Fath de Fath parfum and EDP – notes via Osmoz are: Blackcurrant, Tangerine, Lemon, Pear, Lily of the valley, Heliotrope, Tuberose, Orange Blossom, Patchouli, Vanilla, Benzoin, Tonka. The EDP you can still buy online; I think the parfum is vintage (Patty?) I’ve read various definitions of what makes a fragrance a “classic” — in this case, it’s absolute smoothness. Nothing sticks out, nothing jars or snags. It’s a golden orb of sweetness, from the berried, faintly indolic orange blossom of the opening, hitting a high note of muguet, before descending in pitch to the rich, vanilla base. The parfum is creamier, but the EDP has monster sillage and is lovely in its own right. If you like the bombshell, naughty Patous — Sublime and/or Sira des Indes, and aren’t afraid of vanilla, this is right up your alley.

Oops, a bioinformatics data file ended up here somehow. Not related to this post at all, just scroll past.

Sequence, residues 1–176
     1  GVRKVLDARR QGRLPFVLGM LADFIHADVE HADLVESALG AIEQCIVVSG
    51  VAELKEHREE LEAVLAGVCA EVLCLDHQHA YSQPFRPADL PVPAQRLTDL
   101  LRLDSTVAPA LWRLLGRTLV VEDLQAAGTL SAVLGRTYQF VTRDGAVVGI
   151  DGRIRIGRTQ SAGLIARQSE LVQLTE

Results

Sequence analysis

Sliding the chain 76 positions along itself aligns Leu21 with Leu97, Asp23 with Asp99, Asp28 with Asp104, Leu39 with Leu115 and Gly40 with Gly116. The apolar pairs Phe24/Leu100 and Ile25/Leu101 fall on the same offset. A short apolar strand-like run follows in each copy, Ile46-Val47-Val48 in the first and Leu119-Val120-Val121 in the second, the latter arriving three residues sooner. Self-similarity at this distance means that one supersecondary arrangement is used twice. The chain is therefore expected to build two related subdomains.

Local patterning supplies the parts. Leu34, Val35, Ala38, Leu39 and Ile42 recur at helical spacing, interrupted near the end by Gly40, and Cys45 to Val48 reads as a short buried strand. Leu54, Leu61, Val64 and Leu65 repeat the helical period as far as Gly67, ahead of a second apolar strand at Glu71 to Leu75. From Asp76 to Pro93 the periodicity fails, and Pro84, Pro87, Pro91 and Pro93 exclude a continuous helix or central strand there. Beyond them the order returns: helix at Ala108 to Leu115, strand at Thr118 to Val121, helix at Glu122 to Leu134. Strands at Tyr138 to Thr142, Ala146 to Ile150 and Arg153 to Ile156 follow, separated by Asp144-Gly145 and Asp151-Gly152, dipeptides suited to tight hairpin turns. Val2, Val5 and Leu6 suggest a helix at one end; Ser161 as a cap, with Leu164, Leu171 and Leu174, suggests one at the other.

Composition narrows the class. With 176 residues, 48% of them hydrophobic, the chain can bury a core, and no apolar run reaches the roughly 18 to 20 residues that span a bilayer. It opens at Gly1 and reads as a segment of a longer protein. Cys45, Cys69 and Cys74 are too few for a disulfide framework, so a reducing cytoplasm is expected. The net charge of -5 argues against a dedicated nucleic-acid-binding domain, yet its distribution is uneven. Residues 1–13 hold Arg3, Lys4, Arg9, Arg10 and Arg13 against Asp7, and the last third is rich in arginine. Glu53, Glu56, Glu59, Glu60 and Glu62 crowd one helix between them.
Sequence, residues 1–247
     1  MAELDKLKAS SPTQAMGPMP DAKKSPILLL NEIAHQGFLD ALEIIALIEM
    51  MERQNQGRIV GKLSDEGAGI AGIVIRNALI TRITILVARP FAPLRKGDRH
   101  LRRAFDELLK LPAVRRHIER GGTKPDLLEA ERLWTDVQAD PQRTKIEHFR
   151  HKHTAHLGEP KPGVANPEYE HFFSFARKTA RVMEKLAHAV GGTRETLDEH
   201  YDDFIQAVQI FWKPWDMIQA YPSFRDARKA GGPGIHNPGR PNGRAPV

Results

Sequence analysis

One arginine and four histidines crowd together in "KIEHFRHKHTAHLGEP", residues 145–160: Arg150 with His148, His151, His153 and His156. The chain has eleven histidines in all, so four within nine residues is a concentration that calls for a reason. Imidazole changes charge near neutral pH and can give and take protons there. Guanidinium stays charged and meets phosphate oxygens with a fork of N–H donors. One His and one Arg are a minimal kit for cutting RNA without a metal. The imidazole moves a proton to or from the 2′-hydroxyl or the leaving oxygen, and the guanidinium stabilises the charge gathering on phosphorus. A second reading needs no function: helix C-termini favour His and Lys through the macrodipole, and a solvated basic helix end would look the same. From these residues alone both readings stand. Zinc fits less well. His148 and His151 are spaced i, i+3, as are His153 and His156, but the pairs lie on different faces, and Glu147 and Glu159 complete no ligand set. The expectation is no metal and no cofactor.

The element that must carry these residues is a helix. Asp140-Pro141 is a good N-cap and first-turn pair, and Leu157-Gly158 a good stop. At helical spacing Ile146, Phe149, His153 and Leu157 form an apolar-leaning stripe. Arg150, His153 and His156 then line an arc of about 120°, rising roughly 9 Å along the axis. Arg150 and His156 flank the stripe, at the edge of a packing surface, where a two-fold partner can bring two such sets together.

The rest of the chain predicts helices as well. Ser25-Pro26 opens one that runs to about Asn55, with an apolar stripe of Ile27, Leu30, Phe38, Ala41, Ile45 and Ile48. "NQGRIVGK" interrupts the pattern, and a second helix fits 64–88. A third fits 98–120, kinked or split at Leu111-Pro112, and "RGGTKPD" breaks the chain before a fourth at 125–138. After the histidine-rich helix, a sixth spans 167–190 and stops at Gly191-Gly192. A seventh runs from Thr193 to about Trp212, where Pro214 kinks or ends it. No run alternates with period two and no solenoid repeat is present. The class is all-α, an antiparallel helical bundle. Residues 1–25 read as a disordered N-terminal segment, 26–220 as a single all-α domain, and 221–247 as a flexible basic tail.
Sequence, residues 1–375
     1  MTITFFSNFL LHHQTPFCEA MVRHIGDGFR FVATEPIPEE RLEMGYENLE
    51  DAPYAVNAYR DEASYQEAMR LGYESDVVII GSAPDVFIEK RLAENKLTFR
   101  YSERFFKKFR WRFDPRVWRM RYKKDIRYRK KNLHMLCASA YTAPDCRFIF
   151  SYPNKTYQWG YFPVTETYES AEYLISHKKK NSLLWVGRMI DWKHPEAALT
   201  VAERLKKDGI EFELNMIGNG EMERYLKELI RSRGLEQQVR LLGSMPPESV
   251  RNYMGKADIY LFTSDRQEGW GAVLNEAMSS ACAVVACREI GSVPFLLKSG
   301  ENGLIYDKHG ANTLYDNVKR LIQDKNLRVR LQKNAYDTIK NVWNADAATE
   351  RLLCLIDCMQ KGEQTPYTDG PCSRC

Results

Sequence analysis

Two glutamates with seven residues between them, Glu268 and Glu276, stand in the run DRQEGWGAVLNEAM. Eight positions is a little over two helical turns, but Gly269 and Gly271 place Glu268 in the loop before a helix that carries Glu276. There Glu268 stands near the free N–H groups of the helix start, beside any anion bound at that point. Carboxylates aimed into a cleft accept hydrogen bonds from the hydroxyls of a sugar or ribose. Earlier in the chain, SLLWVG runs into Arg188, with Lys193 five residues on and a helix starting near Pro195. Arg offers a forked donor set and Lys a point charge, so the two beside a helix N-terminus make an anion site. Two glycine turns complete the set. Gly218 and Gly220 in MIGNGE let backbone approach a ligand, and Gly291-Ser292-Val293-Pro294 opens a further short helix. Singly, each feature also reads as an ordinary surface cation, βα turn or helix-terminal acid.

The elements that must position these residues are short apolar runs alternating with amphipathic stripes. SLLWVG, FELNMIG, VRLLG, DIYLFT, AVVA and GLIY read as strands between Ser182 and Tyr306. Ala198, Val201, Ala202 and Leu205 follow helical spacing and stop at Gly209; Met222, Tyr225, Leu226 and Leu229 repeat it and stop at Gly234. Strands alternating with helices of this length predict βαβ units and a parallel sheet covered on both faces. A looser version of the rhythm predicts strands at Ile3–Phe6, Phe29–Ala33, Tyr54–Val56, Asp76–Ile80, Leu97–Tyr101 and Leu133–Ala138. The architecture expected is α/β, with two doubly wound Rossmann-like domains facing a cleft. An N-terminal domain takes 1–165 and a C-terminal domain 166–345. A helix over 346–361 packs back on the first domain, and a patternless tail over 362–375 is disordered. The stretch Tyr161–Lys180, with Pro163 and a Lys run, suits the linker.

Anne Pliska – one of those fragrances I had somehow never managed to run across, until Victoria O sent me a decant (I believe it´s the EDP). Notes via Luscious are: vanilla, mandarin, geranium, jasmine, bergamot, patchouli, amber, and musk. I was a little reluctant to try this fragrance, as I have a mixed relationship with full-on amber. But this! No wonder Robin at Now Smell This nominated AP on her list of cult perfumes. There´s enough going on, from the fruity-green bergamot/mandarin opening, to keep it from developing that unhappy boozy note amber can develop on my skin. It also goes through an interesting cinnamon stage, and a hint (just a hint) of Play-Doh, but I´m not complaining. Ultimately it´s a surprisingly cozy comfort scent, with sillage that stays close to the skin but lasts a long time. Sign me up for the cult. I haven´t tried the parfum, but the bottle for that one is particularly fetching.